When deciding if a disability is “Static,” VA Raters shall only order a future examination if there is objective evidence stating clearly a disability is likely to improve.
The principles expressed above apply equally to:
- Initial routine future examinations and,
- Reexaminations requested in the interest of substantiating sustained improvement.
Therefore, where one or more of the above criteria are applicable, and the evidentiary record includes a single examination report (or alternative form of medical evidence) portraying improvement in a disability that has persisted at its assigned level of evaluation for five years or longer, do not proceed with scheduling an additional reexamination unless doing so is:
- Required by regulation, OR
- Warranted in light of unusual circumstances, such as in cases of Veterans over age 55.
VA Reexaminations Decision Tree Used by VA Raters
|If the case necessitates a(n) …||Then, at the time of the rating decision’s preparation, schedule the examination to be conducted …|
|Routine Future Examination (RFE) to monitor for anticipated improvement in a service connected disability.||In 3 years.|
|Reexamination to monitor for evidence of sustained improvement in a stabilized service connected disability that is shown to have improved.||In 18, 24, or 30 months, depending upon the facts and circumstances of the individual case.|
|Examination to facilitate the reevaluation of a prestabilization rating prepared under the authority of 38 CFR 4.28||No earlier than 6 months, nor later than 12 months, following discharge from service.|
|Examination to evaluate a service connected mental disorder that was: Incurred by reason of traumatic stress, and Rated in accordance with the provisions of 38 CFR 4.129||Within the six-month period following the Veteran’s discharge.|
|Examination to evaluate post-therapeutic residuals of service connected malignancy (cancer).||Six months following cessation of surgical, x-ray, antineoplastic chemotherapy, or other therapeutic procedure. Exceptions: For SC bone malignancy evaluated under 38 CFR 4.71a, DC 5012, any needed examination must be scheduled one year following cessation of treatment. For service connected malignancy of the brain or spinal cord evaluated under 38 CFR 4.124a, DCs 8002 or 8021, respectively, any needed examination must be scheduled two years following cessation of treatment. Concede the disability evaluation’s permanence and schedule no future examinations if the considerations discussed in M21-1, Part III, Subpart iv, 5.B.3.a are applicable.|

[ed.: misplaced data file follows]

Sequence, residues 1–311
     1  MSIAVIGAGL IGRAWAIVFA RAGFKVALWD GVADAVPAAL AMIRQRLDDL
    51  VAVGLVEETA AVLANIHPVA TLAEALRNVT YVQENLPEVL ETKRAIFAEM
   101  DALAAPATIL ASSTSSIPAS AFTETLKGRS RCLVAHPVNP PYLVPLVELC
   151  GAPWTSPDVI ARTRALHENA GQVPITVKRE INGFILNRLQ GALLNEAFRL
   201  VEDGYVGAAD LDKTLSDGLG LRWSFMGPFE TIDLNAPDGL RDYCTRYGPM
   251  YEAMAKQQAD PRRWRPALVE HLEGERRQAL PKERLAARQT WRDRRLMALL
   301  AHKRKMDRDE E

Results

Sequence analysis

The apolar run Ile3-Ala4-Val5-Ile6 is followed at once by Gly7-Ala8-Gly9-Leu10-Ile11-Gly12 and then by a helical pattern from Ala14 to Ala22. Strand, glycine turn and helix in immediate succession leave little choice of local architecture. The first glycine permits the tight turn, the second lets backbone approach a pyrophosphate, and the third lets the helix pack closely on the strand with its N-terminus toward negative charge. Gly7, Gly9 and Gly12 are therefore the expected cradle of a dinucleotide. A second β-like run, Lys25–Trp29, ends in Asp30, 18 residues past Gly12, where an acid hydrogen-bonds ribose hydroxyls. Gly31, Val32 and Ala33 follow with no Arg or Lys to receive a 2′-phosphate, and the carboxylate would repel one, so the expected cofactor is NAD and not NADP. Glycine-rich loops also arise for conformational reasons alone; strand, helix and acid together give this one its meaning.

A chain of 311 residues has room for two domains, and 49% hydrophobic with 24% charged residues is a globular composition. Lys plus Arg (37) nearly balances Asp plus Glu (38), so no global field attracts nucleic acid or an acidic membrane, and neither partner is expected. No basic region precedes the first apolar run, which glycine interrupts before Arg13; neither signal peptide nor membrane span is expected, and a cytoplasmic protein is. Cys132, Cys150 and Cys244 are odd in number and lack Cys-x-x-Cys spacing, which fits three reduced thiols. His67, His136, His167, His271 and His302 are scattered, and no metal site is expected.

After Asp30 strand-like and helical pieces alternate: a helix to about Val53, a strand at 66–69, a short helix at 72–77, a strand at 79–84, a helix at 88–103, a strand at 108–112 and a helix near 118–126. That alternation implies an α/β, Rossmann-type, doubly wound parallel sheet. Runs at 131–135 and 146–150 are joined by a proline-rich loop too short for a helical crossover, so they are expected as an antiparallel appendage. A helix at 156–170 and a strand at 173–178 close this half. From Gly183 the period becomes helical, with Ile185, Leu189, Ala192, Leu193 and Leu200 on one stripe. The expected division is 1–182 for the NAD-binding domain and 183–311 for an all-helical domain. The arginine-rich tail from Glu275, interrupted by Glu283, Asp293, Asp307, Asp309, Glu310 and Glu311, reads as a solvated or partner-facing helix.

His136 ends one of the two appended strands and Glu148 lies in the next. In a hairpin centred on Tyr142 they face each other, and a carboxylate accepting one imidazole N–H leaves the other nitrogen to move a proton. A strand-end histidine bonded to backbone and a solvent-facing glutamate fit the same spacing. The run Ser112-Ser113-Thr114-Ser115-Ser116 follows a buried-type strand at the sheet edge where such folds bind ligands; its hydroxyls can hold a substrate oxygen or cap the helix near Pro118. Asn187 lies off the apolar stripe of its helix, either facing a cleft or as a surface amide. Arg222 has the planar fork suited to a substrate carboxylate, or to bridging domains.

|Mandatory examination/reexamination in connection with a specific diagnosis code.||At a time or interval consistent with the applicable regulation’s requirements.|
Protected VA Disability Ratings – Frequently Asked Questions (FAQs)
How often does the VA reevaluate ratings?
If you have a disability condition that’s expected to improve over time, such as a mental health condition that’s had a rating for less than 5 years, the VA can reevaluate your disability condition within 2 to 5 years of your initial examination.
Keep in-mind VA reevaluations aren’t necessarily bad.
For example, the VA is trying to determine if your disability rating should be increased, decreased, or kept the same based upon your Frequency, Severity, and Duration of symptoms.
The VA may also reexamine your VA disability rating if there’s obvious evidence that your condition has improved or even disappeared.
What is the VA 5 year rule?
The VA 5 year rule allows the VA to reevaluate your existing VA disability rating within 5 years of your initial examination, if and only if, your disability condition is expected to show material improvement over time.
However, the VA may still reevaluate your disability rating past the 5 year deadline if your condition has significantly improved, as shown by medical evidence.
What is the VA 10 year rule?
The VA 10 year rule means the VA cannot eliminate a rating that’s been in place for 10 years or more.
However, the rating can be reduced if medical evidence shows that the disability has improved.
There is always an exception to this rule if the VA determines that the original disability rating was based on fraud.
What is the VA 20 year rule?
Again, the only exception to this rule is if the VA can prove fraud.
How does the 5 10 20 year rule for VA disability compensation work?
Certain VA ratings are “protected” based on the 5 10 20 year rule, and not subject to reevaluations or VA rating reductions.
However, any VA rating can be eliminated or reduced if based on fraud.
VA 5 Year Rule: The VA 5 year rule allows the VA to reevaluate your existing VA disability rating within 5 years of your initial examination, if and only if, your disability condition is expected to show material improvement over time.
VA 10 Year Rule: The VA 10 year rule means the VA cannot eliminate a rating that’s been in place for 10 years or more. Note: The rating can still be reduced (not eliminated) if medical evidence shows that the disability has improved.